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Sky shares spike on Fox takeover approval hopes

Culture secretary Karen Bradley says she is 'minded' to refer deal to CMA but offers 10-day deadline for companies to propose solutions.

Sky shares spike on Fox takeover approval hopes

Shares in Sky (SKYB) have spiked after culture secretary Karen Bradley said she was 'minded' to refer 21st Century Fox's takeover bid to the Competition and Markets Authority (CMA), but handed both companies a 10-day deadline to propose remedies to its concerns.

Bradley said she accepted there were serious concerns over handing Fox owner Rupert Murdoch and his family 'increased influence over the UK news agenda and the political process', after Ofcom recommended the deal be referred to the CMA. Fox is bidding for the 61% of Sky it does not already own.

But she handed both companies a 10-day deadline to propose new remedies that would overcome the risk of undue Murdoch influence over the news agenda.

Shares in the broadcaster jumped 3.5% to 990p on the news, but remain well below the £10.85 offer price from Fox.

Jerry Dellis, analyst at Jefferies, said the news represented 'a positive step towards approval of the Fox-Sky merger'.

'The probability of approval without CMA referral now appears higher than previously expected,' he said, pointing to potential proposals from both companies to assuage the government's concerns.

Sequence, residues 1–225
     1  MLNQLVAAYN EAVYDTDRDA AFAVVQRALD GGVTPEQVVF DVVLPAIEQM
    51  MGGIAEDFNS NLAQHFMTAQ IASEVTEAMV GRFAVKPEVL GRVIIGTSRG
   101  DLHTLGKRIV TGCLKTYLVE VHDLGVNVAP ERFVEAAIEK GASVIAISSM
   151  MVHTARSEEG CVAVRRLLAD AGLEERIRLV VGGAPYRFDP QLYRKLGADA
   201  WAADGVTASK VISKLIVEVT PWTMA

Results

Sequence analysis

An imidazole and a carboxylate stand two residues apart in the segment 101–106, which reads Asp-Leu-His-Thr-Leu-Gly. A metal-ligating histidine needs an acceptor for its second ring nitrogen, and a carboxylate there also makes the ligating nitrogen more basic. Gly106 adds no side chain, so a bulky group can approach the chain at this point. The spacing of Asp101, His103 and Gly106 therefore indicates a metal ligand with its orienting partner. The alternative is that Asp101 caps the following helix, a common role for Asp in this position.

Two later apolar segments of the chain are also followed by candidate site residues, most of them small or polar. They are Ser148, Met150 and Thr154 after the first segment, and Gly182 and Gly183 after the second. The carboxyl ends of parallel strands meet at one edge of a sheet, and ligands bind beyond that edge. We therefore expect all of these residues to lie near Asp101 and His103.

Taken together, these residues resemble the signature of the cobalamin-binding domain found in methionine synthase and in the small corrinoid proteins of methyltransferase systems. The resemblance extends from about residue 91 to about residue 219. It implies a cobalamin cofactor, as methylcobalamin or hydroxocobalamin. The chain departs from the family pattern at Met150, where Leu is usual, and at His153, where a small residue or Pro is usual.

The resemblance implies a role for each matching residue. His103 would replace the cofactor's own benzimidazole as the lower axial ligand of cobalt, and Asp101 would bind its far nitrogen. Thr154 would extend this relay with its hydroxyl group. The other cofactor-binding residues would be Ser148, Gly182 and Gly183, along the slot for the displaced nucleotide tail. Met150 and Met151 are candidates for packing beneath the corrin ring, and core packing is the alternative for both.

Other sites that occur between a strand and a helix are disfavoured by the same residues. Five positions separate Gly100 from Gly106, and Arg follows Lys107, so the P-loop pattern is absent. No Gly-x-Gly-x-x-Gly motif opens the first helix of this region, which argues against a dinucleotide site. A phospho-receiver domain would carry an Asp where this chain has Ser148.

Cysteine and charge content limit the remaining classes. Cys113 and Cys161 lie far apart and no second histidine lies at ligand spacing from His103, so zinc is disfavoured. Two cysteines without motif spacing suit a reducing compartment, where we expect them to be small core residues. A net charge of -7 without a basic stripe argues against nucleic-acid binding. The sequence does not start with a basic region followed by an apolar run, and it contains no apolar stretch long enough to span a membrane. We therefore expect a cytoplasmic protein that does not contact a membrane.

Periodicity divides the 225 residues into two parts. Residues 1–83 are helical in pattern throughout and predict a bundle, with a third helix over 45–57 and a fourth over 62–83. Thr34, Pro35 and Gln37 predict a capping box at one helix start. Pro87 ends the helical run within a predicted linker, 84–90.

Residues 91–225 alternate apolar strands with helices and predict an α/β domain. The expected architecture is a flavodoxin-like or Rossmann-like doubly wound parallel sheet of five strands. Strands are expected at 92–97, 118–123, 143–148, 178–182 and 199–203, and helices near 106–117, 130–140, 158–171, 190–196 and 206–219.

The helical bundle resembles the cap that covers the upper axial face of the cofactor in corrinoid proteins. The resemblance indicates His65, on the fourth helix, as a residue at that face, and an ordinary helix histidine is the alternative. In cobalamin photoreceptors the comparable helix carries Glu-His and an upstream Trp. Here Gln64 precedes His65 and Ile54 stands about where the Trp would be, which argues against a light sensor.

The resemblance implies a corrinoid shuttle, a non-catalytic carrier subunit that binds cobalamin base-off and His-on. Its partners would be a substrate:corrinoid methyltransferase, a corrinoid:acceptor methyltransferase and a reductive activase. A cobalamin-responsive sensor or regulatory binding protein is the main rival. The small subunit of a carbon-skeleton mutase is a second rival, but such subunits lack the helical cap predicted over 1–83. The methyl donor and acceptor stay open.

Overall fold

'Ofcom asserts that effective remedies could include safeguarding independence in the ongoing process for appointing independent members to a Sky News editorial board and committing to keep the channel for more than five years,' he said. 'Both look feasible.'

Murdoch’s 21st Century Fox currently owns 39% of Sky. Ownership of the Sun and the Times is held by the separately incorporated New Corp, although both are ultimately controlled by the family.

Taking full ownership of Sky would allow the business to roll out many of the business’s innovations to its other broadcasters, such as Germany’s Sky Deutschland.

Representatives of the business have argued that the proliferation of online news sources since it withdrew its last bid in 2011 - following revelations about News Corp journalists’ phone hacking – had removed the risk to media plurality.

More recently, a series of sexual harassment scandals at US division Fox News, which have claimed the career of the broadcaster’s founder and architect Roger Ailes, among others, have raised questions about whether Fox is a ‘fit and proper’ owner, however.   

While describing the allegations as 'extremely serious and disturbing' Ofcom ruled that there was no evidence that misconduct reached the parent company, and that it would not raise an objection of conduct grounds.

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